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Re: aging sequins

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  • Jehanni
    ... I m with Cat...a lot of vintage sequins I ve seen are acetate, not the same as modern plastic, and modern plastics seem to vary in composition.... When in
    Message 1 of 10 , Apr 18, 2013
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      --- In F-Costume@yahoogroups.com, Judy Mitchell <judymitch@...> wrote:
      >
      > thanks all! those are great ideas.
      >
      > though I don't think he necessarily wants to scratch them as much as
      > with age, the color fades off and leaves clear shiny areas. would
      > acetone or something else remove color on sequins without dissolving them?
      >
      > -Judy
      >
      I'm with Cat...a lot of vintage sequins I've seen are acetate, not the same as modern plastic, and modern plastics seem to vary in composition....

      When in doubt, experiment, experiment, experiment.

      A recent beading article recommended testing bead finishes for color-fastness by:
      1. exposing to strong sun
      2. soaking overnight in water
      3. soaking overnight in alcohol
      4. rubbing with hand lotion, and then rubbing off with white tissue.

      Worth considering all of those.

      Jonatha
    • Judy Mitchell
      Thanks, Cat & Jonatha! He s not working with vintage sequins, but I have warned him that if he tries acetone to make sure and try it on some testers and not on
      Message 2 of 10 , Apr 19, 2013
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        Thanks, Cat & Jonatha! He's not working with vintage sequins, but I have
        warned him that if he tries acetone to make sure and try it on some
        testers and not on the actual item! and passed on the suggestions. No
        idea why he wants to age sequin shoes, but apparently he does. (what
        these old things? been in the family for years! ;) )

        -Judy

        On 04/19/2013 01:58 AM, Jehanni wrote:
        > --- In F-Costume@yahoogroups.com, Judy Mitchell <judymitch@...> wrote:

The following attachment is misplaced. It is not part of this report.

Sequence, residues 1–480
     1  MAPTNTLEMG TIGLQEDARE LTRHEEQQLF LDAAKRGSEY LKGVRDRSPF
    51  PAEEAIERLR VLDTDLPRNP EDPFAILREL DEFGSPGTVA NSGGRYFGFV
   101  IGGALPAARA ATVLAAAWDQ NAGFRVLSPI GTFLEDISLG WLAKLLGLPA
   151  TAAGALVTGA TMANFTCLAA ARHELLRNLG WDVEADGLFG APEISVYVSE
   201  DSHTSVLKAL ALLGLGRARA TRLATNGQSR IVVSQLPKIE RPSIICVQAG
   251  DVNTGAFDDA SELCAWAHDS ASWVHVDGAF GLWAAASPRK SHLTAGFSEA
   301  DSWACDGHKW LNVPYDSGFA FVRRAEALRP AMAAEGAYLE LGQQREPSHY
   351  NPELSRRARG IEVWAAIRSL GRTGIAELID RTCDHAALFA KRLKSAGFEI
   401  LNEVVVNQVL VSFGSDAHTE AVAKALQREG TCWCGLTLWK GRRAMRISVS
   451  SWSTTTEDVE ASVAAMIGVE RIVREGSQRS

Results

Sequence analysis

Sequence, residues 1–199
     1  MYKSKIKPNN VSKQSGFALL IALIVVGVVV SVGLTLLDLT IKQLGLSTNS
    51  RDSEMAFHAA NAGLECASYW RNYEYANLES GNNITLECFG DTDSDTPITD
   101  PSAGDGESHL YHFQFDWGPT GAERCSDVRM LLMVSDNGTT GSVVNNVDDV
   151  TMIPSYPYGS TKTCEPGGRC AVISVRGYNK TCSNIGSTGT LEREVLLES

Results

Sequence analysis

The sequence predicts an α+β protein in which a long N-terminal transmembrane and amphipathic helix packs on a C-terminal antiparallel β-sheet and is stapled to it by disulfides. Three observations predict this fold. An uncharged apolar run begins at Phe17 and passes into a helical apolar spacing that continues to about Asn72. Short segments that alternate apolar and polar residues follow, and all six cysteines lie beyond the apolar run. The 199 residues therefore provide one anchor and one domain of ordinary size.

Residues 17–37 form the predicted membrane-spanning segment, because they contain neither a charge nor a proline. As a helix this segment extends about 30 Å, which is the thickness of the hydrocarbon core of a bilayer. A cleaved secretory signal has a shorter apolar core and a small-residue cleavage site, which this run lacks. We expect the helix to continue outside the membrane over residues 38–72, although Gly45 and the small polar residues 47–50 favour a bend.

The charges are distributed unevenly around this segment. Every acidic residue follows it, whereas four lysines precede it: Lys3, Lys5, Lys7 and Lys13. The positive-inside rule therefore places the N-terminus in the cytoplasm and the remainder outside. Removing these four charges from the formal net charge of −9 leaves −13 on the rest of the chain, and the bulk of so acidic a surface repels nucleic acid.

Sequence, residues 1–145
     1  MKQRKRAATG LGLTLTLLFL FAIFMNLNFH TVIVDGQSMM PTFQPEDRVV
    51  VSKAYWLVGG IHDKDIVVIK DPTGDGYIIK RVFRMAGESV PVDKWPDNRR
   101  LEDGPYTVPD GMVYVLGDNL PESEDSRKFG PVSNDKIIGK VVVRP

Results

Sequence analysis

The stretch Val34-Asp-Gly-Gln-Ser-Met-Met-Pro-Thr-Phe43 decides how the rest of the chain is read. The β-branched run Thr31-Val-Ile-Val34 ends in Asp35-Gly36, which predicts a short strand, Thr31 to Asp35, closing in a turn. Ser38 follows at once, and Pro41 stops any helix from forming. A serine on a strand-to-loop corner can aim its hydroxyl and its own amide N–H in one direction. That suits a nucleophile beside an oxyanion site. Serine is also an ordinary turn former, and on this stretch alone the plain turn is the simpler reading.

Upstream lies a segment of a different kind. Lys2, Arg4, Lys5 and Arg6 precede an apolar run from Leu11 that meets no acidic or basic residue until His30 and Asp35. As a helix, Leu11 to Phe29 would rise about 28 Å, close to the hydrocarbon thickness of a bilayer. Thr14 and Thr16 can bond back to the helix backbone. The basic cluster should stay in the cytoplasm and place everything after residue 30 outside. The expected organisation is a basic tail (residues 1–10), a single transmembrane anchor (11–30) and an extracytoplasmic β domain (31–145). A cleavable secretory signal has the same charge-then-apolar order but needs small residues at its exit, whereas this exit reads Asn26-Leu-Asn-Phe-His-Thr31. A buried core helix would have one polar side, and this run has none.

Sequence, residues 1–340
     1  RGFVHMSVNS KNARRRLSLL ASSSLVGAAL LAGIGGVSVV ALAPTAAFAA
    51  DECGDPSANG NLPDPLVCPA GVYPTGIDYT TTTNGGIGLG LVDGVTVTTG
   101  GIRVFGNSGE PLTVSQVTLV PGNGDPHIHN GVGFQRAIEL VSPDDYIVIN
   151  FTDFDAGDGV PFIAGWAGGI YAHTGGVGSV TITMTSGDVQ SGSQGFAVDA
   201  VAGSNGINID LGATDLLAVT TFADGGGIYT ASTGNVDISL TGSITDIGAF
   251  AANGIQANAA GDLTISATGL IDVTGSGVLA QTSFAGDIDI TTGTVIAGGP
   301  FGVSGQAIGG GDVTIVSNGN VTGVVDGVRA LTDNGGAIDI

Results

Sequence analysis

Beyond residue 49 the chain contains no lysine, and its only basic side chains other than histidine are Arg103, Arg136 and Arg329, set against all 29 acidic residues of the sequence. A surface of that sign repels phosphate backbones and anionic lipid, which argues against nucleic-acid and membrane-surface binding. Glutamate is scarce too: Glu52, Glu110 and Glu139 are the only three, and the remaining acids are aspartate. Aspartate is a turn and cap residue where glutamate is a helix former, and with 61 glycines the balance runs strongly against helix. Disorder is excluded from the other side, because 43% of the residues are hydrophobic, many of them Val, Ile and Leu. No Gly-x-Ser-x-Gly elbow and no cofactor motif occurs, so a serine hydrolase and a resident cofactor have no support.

>>
        >> thanks all! those are great ideas.
        >>
        >> though I don't think he necessarily wants to scratch them as much as
        >> with age, the color fades off and leaves clear shiny areas. would
        >> acetone or something else remove color on sequins without dissolving them?
        >>
        >> -Judy
        >>
        > I'm with Cat...a lot of vintage sequins I've seen are acetate, not the same as modern plastic, and modern plastics seem to vary in composition....
        >
        > When in doubt, experiment, experiment, experiment.
        >
        > A recent beading article recommended testing bead finishes for color-fastness by:
        > 1. exposing to strong sun
        > 2. soaking overnight in water
        > 3. soaking overnight in alcohol
        > 4. rubbing with hand lotion, and then rubbing off with white tissue.
        >
        > Worth considering all of those.
        >
        > Jonatha
        >
      • Cat Devereaux
        ... He may need to repair them... so has new sequins to add to the old sequins. In which case... if he s trying to match something exact that then you may
        Message 3 of 10 , Apr 19, 2013
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          On 4/19/2013 7:22 AM, Judy Mitchell wrote:
          > . No
          > idea why he wants to age sequin shoes, but apparently he does. (what
          > these old things? been in the family for years! ;) )
          He may need to repair them... so has new sequins to add to the old
          sequins. In which case... if he's trying to match something exact that
          then you may need to do acrylic paint washes to match the colors....
          matching isn't quite the same as aging.

          -Cat-
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